Judy Smallweed was nothing if she wasn't shrewd. Still, all she could make out from Guppy's lament was that his fellow barristers had given him a particularly hard night of heckling.
"But what are you doing here?" She questioned him. "Home's not so far away at all."
Here Guppy emitted a sigh, the eloquence of which almost made him seem sober. "I got to thinking, little Miss Smallweed. I don't really signify much. My colleagues laugh at me, my love goes unrequited. I dunno." He gazes up at the moon in a fashion similar to the one Judy just recently displayed. "Didja ever think of ending it all?"
The only sound heard in reply is the sound of five of Judy's icy fingers flaying against William Guppy's cheek.
"How dare you say something so impertinent, William Guppy! You're the most genteel attorney in Lambeth! You matter more than you will ever understand. And as a matter of fact, you shouldn't be seen like this. C'mon, while we can still sneak you home unnoticed."
Young Judy is rather good at leading the helpless around, and her heartthrob is quite eager to be led. He voices no objection at all as she hoists him to his feet. After delicately redressing him, she gingerly links his arm through hers. Together, they walk in the direction of Walcott Square, Judy feeling light as a feather despite Mr. Guppy's large frame that rests heavily upon her shoulder.
Judy Smallweed knew of Tony Jobling through a vague association. He was good friends with Judy's brother Bart, who as his career as a law clerk took flight, had become aloof from the family business in London. Despite barely knowing the gentleman herself, Judy was quite please to hear him come racing down the back steps of Mr. Guppy's building in reply to her fervent knocking upon the door.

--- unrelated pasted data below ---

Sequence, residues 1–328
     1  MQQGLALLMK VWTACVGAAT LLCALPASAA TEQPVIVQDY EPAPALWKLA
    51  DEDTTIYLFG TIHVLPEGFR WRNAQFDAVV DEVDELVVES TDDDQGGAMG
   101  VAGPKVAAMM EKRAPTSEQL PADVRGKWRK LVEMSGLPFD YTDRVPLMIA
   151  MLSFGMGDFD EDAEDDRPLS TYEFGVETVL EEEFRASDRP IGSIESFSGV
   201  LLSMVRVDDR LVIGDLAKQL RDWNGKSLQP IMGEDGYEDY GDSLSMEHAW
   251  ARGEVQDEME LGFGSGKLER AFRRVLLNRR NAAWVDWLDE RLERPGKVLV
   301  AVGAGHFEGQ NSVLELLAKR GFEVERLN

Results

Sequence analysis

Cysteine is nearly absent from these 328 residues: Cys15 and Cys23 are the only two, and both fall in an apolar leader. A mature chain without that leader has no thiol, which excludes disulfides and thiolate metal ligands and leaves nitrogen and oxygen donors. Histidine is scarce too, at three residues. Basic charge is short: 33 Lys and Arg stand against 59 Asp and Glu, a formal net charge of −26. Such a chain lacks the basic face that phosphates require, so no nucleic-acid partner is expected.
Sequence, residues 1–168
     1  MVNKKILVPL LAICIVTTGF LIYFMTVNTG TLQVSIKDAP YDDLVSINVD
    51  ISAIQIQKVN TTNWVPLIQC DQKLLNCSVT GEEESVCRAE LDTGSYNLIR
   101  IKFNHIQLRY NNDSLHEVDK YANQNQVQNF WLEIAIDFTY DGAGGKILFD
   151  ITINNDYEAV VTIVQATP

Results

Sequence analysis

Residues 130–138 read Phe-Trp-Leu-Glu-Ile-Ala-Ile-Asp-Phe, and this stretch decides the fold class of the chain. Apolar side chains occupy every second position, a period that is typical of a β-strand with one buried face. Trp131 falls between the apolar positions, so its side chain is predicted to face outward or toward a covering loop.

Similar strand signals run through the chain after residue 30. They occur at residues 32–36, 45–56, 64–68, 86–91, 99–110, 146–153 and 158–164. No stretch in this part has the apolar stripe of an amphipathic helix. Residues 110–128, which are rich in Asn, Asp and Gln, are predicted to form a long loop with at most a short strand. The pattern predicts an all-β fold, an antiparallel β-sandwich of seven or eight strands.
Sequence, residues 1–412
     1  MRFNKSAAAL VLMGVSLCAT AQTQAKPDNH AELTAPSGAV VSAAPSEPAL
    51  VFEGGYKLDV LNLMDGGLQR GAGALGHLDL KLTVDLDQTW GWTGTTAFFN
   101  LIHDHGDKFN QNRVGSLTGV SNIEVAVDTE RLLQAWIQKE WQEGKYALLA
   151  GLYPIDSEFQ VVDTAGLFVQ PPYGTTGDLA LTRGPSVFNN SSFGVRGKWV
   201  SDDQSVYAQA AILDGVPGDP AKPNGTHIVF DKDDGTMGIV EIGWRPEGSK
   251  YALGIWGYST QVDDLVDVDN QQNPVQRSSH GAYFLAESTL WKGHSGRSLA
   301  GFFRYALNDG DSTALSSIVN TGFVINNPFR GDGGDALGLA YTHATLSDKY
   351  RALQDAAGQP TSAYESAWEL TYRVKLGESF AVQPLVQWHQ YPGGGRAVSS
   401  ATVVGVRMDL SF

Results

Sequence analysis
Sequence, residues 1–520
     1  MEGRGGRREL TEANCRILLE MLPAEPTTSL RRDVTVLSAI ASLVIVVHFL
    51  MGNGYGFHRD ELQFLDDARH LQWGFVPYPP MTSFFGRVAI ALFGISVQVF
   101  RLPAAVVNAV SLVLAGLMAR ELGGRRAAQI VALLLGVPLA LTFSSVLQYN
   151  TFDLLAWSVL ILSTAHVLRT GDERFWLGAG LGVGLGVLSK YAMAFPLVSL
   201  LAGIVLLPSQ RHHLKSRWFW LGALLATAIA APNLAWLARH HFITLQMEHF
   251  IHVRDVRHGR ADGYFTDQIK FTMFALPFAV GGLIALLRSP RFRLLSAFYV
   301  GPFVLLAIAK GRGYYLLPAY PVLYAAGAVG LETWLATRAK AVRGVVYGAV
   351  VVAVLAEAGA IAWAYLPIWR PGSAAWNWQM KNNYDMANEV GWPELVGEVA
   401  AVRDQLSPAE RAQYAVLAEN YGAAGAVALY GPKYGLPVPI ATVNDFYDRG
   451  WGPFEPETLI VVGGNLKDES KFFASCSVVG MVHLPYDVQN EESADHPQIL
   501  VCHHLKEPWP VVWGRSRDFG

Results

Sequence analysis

"Tony, we've got trouble," she insisted, addressing the gentleman so familiarly as to take him off guard. What jarred him even more, however, was the state of his good friend and host William Guppy, who was bent on whistling a low and melancholy tune quite audibly.
"I wasn't expecting to see you tonight, Judy Smallweed," he responded good naturedly, drawing his dressing gown tightly around him as he surveyed the condition of Mr. Guppy.
"Well, you'd better be glad of it. I found this one wandering Westminister Bridge in his sorry state."
"Oh, lor!" Came the response as Tony rushed to assume the weight of Guppy's flailing body. It was the one burden in her life that Judy was sorry to give up. Mr. Jobling's attention shifted onto Guppy's savior. "What are you doing in these parts at this hour anyway?"
"Never you mind, " she snapped. "See to him before he catches his death out here."
"Right, right," Tony winked. "Many thanks from both of us. And next time you hear from that brother of yours, tell him to get to Lambeth! I'm all set to become Guppy's partner, and we can use a real clerk instead of that old hag Guppy found in the bone cellar!"
"Good night, Joots!" William Guppy called to the little woman as Tony Jobling tried to shove him into the house. "Thank ye! You're a gentlewoman and a love!"
Judy Smallweed could not recall walking all the way back to Cursitor Street, but she must have merely floated. For she arrived in the old rickety shop just in time to open the curtains to catch a few rays of light in the pallid parlor and to hear her grandfather bark out orders for tea.
"'ave you made up your mind?" He asked as she handed him the hot cup.
"I have," she insists. "You said I can have anything in the world.
"So I did. Now don't be unreasonable with me Judy. There's only so much me old bones can take."
"I want only one thing, grandfather. I won't do anything without it, though."
"And what is that? " He asks, eyeing her warily. But Judy doesn't blink as she makes her response.
And its not so impossible a request as either Smallweed might believe. It is true that when that sought-after personage awakes in the morning, he cannot recall just what it is that Judy Smallweed said. He cannot even conjecture what exactly it was that she did. But he feels a warm glow, both on his cheek and in his heart, and William Guppy can very well remember the way Judy Smallweed made him feel.
Back across the city, the sun shines gaily upon Terminus Pointe, though unbeknownst to it, its mornings in the sun may be numbered. Inside, Saffney Jain and Concordia Bottomley are oblivious to the fact that a vixen-in-love has agreed to destroy their home, their peace, and ---if all goes as planned --- their lives. This morning, other concerns are afoot.